The bad boy of Iraqi politics is going back to school. Muqtada al-Sadr, leader of Iraq’s largest Shiite militia, is studying to become an ayatollah. It might seem like a minor development within Iraq’s notoriously insular Shiite politics, especially against the backdrop of daily bloodshed. But Sadr’s decision has enormous implications for Iraqis and the United States.
The 33-year-old Sadr is taking a long view, showing greater political skill than the United States and his Iraqi rivals usually give him credit for. Once a renegade cleric with a ragtag militia fighting US forces, Sadr has transformed himself into a statesman. He controls a key bloc in the Iraqi Parliament and he was a kingmaker in the selection of Nuri Kamal al-Maliki as prime minister. Now Sadr is trying to burnish his religious credentials, which would make him an even more formidable force in Iraqi life. After he attains the title of ayatollah—the second-highest clerical position in Shiite Islam—Sadr can issue his own fatwas, or religious rulings, and he will no longer have to defer to senior clerics. He will also be able to teach other clergymen, and his followers must obey his rulings.
Sadr’s aides told the Associated Press that he is on track to attain the status of ayatollah by 2010, or even sooner. That would be a remarkable fast-tracking of the normally rigid system of Shiite scholarship. In the Shiite hierarchy, Sadr is a low-level cleric, several ranks and many years away from attaining the title of ayatollah. It’s not even clear that he truly reached the status of hojat al-Islam, which is what his supporters call him—more out of respect for his leadership than his religious achievement. In normal circumstances, it can take two decades for a cleric to establish the record of teaching and deep study of Islamic law required to become an ayatollah.
The title of hojat al-Islam applies to a range of seminary students, from those holding the equivalent of a master’s degree to others with a freshly minted doctorate. (Sadr first enrolled in advanced seminary studies in 2000, but he dropped out after the US invasion of Iraq in 2003.) An ayatollah is akin to a tenured, senior professor who has published several books and has a wide following. Think of superstar academics like Stanley Fish or Cornel West—that’s what Sadr is aspiring to.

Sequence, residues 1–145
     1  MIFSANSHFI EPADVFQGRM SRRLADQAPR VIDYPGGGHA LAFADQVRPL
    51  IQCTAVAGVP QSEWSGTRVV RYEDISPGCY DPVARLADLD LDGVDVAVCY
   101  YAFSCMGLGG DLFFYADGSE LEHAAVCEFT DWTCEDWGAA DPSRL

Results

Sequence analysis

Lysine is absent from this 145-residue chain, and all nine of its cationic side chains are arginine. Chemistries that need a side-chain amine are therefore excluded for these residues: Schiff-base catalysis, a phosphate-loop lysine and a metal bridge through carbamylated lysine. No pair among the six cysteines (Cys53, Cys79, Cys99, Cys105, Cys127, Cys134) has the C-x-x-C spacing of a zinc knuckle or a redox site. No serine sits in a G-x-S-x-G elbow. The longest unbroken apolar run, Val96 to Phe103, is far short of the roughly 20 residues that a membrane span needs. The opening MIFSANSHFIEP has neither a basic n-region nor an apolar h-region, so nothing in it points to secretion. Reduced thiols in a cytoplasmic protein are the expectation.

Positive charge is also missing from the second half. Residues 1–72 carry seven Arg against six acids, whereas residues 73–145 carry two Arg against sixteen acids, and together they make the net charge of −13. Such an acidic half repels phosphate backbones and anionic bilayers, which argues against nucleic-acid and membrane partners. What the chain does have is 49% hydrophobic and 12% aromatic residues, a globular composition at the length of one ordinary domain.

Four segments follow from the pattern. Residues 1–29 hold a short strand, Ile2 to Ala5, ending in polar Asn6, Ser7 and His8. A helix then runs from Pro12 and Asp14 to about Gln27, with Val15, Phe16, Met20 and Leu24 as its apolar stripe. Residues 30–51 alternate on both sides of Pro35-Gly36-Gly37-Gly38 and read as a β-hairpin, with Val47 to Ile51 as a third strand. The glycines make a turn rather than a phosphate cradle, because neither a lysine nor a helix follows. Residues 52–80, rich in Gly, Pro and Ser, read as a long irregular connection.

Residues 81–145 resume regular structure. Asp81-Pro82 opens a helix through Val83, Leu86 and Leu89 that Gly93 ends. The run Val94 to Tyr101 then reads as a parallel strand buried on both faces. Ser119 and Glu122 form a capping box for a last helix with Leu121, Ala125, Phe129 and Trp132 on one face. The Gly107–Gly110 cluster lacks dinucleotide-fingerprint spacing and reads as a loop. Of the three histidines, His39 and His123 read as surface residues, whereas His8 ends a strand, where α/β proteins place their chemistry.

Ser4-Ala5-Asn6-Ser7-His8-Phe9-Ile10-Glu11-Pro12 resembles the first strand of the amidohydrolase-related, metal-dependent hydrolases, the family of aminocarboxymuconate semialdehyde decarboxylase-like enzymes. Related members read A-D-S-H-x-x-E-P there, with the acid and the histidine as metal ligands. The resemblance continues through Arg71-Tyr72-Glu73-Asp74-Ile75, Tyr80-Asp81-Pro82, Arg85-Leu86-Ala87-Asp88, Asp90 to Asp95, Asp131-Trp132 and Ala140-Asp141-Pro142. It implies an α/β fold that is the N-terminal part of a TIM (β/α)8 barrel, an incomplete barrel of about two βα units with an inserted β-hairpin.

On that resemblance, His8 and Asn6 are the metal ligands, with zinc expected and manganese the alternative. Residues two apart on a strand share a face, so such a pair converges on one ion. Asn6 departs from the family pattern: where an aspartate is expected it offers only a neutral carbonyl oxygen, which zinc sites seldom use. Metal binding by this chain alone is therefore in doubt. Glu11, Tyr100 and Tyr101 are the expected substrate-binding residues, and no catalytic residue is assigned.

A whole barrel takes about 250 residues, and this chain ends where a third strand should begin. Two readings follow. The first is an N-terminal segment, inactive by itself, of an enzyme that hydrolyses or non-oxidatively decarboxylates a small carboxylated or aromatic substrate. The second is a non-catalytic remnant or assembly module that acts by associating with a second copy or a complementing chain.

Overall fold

Why did Sadr suddenly decide to resume his long-neglected religious studies, and why is a seemingly esoteric debate about clerical status so important to the future of Iraq? The answers lie in the marshy fields of southern Iraq, where oil and religion mix. Sadr is positioning himself for a new battle with his main rival for dominance of the Shiite heartland: the Supreme Islamic Iraqi Council, led by a US and Iranian-backed cleric, Abdul Aziz al-Hakim. On December 16 British forces handed control of Basra Province—home to the vast majority of Iraq’s oilfields and the country’s only port—to the Iraqi government. In reality, that means Iraqi police and security forces loyal to Sadr, Hakim or the smaller Fadhila Party. Whatever Shiite faction ultimately rules Basra will be in a position to dominate the rest of southern Iraq. And in a few years, the master of Basra (undoubtedly, he will be a cleric) will control much of the oil and the means of shipping it. He will become the most powerful man in Iraq, regardless of who is prime minister in Baghdad.
To have a leg up on his competitors, Sadr is looking for more religious legitimacy. He can only get it in Najaf, the seat of Shiite theology.
Quietism or Activism?
I first went to Najaf in May 2003, a few weeks after the US invasion. In the warren of alleyways around the Imam Ali Mosque, fruit and meat vendors jostled with those hawking prayer beads, gold-leafed religious books and faded postcards bearing the stern photos of various clerics. It is a place of religious intrigue, where men speak in whispers outside the homes of Shiism’s leading theologians. The rumors that emerge from Najaf’s dusty alleys make their way to the rest of Iraq, and they are carefully dissected by the country’s Shiite majority. This is the world of Muqtada al-Sadr.